[Vol 25] Medi-Scene: Your Weekly Health News Update

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MediScene Magazine Vol 25

1. Coronavirus update: Highest single-day spike with 24,879 cases and Total tally crosses 7L mark

On Tuesday, 7th July, the total number of covis-19 cases in India crossed the 7-lakh mark. According to Union Health ministry day, on 9th July, India saw a single highest day spike with 24,879 cases while the death toll breached the 20,000 mark. It took 110 days for covid-19 infections in the country to reach the one-lakh, while just 49 days more to go past the seven-lakh mark. While the number of cases have been increasing by more than 20,000 consecutively, the recovery rate seems to also have gone up to almost 62%. The number of active cases stand at 2,71,681 and recovered cases stand at 4,76,632. According to the ICMR, an aggregated total of 1,07,40,832 samples have been tested up to July 9th with 2,41,430 samples being tested on Monday. 467 deaths reported on Tuesday, 7th July, 204 are from Maharashtra, 61 from Tamil Nadu, 48 from Delhi, 29 from Karnataka, 24 from Uttar Pradesh, 22 from West Bengal, 17 from Gujarat, 11 each from Telangana and Haryana, nine from Madhya Pradesh, seven from Andhra Pradesh, six from Jammu and Kashmir, five each from Rajasthan and Punjab, two each from Bihar, Kerala and Odisha and one each from Arunachal Pradesh and Jharkhand. Almost 70% of deaths have taken place due to comorbidities.

2. Health Ministry: India’s fatality rate per million population lowest in world

On Tuesday, as the country’s total covid tally crossed 7-Lakh, The Union Health Ministry stated that India’s total number of coronavirus cases and fatalities per million population is one of the lowest in the world. Citing the ‘WHO Situation Report-168’ dated July 6, the ministry said India’s coronavirus cases per million population is 505.37 as opposed to the global average of 1,453.25. The ministry further commented saying, “The WHO Situation Report also shows that India has one of the lowest deaths (due to COVID-19) per million population. India’s cases of death per million population is 14.27 while the global average is more than its four times, at 68.29. India has ramped up its hospital infrastructure to adequately and effectively manage coronavirus cases. Such level of preparedness has shown results in continuously improving the recovery rate and resulting in low case fatality rate. Early detection and timely effective clinical management of COVID-19 cases have resulted in increasing daily recoveries. Coordinated efforts at all levels of the national and state governments for prevention, containment and management of COVID-19 are showing encouraging results with consistently increasing gap between recoveries and active cases. Presently, there are 2,59,557 active cases and all are under medical supervision. As on date, the number of recovered cases exceeded that of the active cases by 1,80,390 on Tuesday. The recovery rate among COVID-19 patients has increased to 61.13%.”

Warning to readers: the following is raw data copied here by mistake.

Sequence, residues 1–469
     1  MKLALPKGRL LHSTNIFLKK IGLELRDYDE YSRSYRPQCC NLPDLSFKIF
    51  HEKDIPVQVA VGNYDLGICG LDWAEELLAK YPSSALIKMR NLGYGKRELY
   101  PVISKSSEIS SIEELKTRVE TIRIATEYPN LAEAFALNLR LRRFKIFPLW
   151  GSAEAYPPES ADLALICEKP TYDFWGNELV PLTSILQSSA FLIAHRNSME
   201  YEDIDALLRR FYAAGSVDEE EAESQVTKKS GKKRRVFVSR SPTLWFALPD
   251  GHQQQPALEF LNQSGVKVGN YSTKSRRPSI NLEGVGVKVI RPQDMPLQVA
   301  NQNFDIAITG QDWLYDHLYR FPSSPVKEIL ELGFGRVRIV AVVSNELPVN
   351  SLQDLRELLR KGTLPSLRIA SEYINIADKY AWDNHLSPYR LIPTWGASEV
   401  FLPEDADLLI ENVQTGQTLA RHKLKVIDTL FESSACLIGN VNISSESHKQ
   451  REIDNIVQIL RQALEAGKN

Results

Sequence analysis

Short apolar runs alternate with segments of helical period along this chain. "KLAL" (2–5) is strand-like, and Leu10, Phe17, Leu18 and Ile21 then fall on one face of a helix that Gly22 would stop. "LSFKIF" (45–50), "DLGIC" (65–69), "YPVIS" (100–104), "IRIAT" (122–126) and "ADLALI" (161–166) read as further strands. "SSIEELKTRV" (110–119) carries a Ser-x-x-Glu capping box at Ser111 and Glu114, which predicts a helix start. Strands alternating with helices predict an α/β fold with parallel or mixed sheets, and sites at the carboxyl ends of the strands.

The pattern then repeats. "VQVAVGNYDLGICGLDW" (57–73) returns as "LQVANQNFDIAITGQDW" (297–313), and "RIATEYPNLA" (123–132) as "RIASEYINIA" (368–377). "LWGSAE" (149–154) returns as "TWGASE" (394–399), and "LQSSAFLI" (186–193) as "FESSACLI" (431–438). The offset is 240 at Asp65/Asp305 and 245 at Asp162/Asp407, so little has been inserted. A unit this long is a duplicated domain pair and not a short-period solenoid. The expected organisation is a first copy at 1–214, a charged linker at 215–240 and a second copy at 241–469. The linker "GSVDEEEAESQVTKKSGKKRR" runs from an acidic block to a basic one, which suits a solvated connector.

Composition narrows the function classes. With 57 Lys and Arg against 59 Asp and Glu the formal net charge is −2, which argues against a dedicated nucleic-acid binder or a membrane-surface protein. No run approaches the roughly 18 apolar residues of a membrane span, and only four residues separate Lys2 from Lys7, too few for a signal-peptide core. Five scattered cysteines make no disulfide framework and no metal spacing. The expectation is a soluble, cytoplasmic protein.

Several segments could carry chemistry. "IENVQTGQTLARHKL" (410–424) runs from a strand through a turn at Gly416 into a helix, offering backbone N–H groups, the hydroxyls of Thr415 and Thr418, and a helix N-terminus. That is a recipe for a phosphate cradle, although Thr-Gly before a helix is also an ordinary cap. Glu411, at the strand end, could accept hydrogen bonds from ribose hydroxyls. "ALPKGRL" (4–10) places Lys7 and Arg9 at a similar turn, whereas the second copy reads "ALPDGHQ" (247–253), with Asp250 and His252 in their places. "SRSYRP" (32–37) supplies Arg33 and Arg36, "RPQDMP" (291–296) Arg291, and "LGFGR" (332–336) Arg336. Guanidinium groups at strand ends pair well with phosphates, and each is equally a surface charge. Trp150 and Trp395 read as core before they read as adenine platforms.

3. Docetaxel chemotherapy drug, may be less effective in overweight, obese women